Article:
I think most of us (meaning people of my age, who began to read poetry pre-Internet) tend to remember who were the first few poets of our own time we encountered when we first began to recognize that poetry was still being written, now, by living people who went to the supermarket and had arguments with their families, like us. One of those for me was Ai. She was near the beginning (if memory serves) of both Edward Field’s Geography of Poets anthology and of The Morrow Anthology of Younger American Poets, edited by Dave Smith and David Bottoms. I met a lot of poets for the first time in those pages. The first poem I remember reading of hers was in the Morrow anthology–“Twenty-Year Marriage.”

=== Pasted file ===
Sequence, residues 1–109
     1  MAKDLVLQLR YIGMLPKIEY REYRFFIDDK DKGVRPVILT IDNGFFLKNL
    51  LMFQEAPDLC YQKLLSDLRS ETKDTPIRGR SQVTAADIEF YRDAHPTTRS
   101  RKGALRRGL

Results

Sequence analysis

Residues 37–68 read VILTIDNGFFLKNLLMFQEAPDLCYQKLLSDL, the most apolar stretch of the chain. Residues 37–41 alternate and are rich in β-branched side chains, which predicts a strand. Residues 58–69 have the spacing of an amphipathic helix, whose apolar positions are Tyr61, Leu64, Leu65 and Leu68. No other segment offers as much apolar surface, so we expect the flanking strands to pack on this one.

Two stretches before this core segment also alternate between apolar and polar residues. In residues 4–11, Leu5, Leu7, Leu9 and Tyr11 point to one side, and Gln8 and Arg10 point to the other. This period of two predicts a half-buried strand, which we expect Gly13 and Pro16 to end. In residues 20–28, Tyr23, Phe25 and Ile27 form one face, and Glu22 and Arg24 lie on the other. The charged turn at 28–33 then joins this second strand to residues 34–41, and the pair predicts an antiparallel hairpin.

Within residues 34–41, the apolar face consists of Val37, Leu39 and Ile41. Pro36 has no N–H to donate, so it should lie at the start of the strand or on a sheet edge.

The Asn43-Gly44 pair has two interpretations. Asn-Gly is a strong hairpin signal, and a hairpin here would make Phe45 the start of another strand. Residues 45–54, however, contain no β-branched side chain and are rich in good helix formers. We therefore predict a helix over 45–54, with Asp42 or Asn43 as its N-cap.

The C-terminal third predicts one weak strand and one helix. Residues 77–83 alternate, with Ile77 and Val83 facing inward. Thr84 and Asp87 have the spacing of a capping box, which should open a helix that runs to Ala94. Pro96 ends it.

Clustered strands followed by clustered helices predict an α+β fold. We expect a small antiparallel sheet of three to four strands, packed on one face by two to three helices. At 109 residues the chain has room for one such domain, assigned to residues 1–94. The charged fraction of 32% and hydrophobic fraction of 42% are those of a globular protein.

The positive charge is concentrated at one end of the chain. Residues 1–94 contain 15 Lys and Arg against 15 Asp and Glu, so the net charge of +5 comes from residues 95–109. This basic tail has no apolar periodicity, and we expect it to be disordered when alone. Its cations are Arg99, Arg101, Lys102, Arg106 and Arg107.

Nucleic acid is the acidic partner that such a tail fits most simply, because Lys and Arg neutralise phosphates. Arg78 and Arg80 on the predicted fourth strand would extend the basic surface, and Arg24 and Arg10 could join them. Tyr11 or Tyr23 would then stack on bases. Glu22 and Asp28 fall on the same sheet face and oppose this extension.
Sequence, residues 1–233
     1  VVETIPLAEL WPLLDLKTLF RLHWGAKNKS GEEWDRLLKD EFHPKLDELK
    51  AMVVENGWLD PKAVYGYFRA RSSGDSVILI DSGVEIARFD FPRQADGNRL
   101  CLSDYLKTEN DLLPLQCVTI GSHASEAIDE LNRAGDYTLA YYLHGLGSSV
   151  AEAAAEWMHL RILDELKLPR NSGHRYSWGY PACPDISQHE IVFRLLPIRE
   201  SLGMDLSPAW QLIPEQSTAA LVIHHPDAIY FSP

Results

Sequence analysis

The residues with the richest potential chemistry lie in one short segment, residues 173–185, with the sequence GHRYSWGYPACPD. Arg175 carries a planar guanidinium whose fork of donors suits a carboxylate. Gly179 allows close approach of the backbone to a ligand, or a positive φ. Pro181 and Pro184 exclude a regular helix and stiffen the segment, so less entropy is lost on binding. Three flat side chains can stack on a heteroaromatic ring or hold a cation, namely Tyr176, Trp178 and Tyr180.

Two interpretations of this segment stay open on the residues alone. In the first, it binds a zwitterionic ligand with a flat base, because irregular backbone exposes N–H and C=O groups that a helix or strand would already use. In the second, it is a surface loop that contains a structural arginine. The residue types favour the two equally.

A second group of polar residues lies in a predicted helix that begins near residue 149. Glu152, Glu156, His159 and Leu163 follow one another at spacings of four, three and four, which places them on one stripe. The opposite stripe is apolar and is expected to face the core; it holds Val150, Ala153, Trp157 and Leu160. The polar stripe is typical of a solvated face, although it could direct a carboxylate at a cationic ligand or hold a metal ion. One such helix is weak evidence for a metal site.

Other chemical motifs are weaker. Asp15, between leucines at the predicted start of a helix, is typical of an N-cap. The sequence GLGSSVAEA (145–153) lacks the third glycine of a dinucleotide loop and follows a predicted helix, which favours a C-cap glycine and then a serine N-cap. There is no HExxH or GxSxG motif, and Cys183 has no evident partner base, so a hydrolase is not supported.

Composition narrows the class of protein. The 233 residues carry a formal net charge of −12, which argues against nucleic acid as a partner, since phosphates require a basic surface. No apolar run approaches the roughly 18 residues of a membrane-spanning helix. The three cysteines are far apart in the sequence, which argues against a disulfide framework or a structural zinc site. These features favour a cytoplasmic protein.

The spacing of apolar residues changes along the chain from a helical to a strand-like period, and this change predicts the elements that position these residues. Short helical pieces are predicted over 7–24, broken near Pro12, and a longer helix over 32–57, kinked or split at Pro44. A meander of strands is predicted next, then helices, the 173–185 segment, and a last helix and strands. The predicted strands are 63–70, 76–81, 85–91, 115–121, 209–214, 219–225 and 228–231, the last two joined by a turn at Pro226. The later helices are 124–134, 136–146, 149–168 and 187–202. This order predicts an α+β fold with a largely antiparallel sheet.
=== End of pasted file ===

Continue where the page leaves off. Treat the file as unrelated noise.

Auden says in the elegy for Yeats, “The death of the poet was kept from his poems,” but picking up the book for the first time since hearing of the death (in this case, a tandem reprint edition of Cruelty/Killing Floor, Thunder’s Mouth Press), one notices change as well as lack of change. The poems are still vigorous, sinewy; their effects are immediate. But they are touched around the edges with something–a little gilt, a little glue? (“Sad friend, you cannot change”).